US Supreme Court rules schools can’t punish off-campus speech

NC’s AG Josh Stein, Biden admin filed briefs supporting regulation of K–12 off-campus speech

FILE - This Nov. 5, 2020 file photo, shows the Supreme Court in Washington. (AP Photo/J. Scott Applewhite, File)

RALEIGH — The U.S. Supreme Court has ruled in favor of a Pennsylvania teen who was punished by her school district for comments she made outside of school.

In an 8-1 ruling in the case of Mahanoy Area School District v. B.L., the Supreme Court held that “The school district’s decision to suspend student Brandi Levy from the cheerleading team for posting to social media (outside of school hours and away from the school’s campus) vulgar language and gestures critical of the school violates the First Amendment.”

In March, North Carolina Attorney General Josh Stein signed onto a letter from Democratic state attorneys general that urged the high court to allow school districts to regulate the off-campus speech of students. At that time Stein took a position siding with school districts stating that he urges the Supreme Court “to uphold schools’ ability to protect students from bullying, wherever they are.”

President Joe Biden’s Department of Justice filed a similar brief, which asserted the Third Circuit went too far in protecting the student’s constitutional right to free speech and that schools needed more latitude to regulate and punish students for their speech outside of school. The DOJ’s brief also seems to argue that students don’t have the full constitutional rights of adults.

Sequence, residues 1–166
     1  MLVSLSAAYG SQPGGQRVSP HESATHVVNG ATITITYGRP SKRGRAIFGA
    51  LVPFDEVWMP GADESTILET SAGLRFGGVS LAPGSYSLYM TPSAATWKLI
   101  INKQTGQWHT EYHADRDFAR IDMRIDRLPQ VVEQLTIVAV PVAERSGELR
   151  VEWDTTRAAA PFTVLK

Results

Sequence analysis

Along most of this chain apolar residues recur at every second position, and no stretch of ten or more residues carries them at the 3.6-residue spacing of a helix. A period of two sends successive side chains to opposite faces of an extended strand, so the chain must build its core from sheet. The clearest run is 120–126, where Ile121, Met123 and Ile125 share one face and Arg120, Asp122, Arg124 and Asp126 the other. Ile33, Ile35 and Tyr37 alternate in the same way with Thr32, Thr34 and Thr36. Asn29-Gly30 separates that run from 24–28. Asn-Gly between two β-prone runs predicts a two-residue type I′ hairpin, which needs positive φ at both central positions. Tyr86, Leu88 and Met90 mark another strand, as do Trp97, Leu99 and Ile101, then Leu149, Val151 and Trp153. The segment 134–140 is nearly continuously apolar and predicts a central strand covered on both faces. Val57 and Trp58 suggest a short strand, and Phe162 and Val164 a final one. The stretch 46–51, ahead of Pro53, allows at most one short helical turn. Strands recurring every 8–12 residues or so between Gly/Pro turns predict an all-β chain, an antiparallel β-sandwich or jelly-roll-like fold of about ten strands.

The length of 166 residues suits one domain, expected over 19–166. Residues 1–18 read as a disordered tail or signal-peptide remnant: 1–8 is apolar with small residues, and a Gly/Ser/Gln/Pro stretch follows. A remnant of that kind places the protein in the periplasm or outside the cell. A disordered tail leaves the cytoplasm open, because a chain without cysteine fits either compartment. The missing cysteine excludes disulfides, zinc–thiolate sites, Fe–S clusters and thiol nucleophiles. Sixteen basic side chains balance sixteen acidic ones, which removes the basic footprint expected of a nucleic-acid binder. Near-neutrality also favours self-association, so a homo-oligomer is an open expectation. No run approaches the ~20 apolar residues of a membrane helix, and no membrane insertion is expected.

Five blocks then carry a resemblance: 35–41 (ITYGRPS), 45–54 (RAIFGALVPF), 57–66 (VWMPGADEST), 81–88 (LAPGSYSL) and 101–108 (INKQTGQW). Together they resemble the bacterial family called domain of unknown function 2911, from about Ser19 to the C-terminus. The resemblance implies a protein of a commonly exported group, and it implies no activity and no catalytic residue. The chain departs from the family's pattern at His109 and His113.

But more recently, the N.C. Department of Justice issued a statement from Stein in which he claims not to have supported “either of the parties’ positions.”

“Keeping our kids safe is job one for us all. But when bullies target students, they don’t just do it at school anymore. Our children can be bullied anywhere, at any time, in person or online. To protect our kids, it’s important that states have the ability to legislate against bullying or harassment—whether on or off school grounds,” Stein said in the statement. “My brief, while not supporting either of the parties’ positions in this specific case, underscored the importance of ensuring that schools should maintain their authority to address off-campus bullying and harassment when it is harmful and disruptive.”

Stein continued, saying, “This is the exact position the Supreme Court upheld in its ruling. The court reaffirmed that public schools have a special interest in regulating serious or severe bullying or harassment targeting particular people, threats aimed at teachers or other students, and the use of computers or participation in other online school activities. I’m pleased by the court’s ruling, and I’ll continue to do everything in my power to protect North Carolina’s students from behavior that harms them, their education, and their future.”

About A.P. Dillon 542 Articles
A.P. Dillon is a North State Journal reporter located near Raleigh, North Carolina. Find her on Twitter: @APDillon_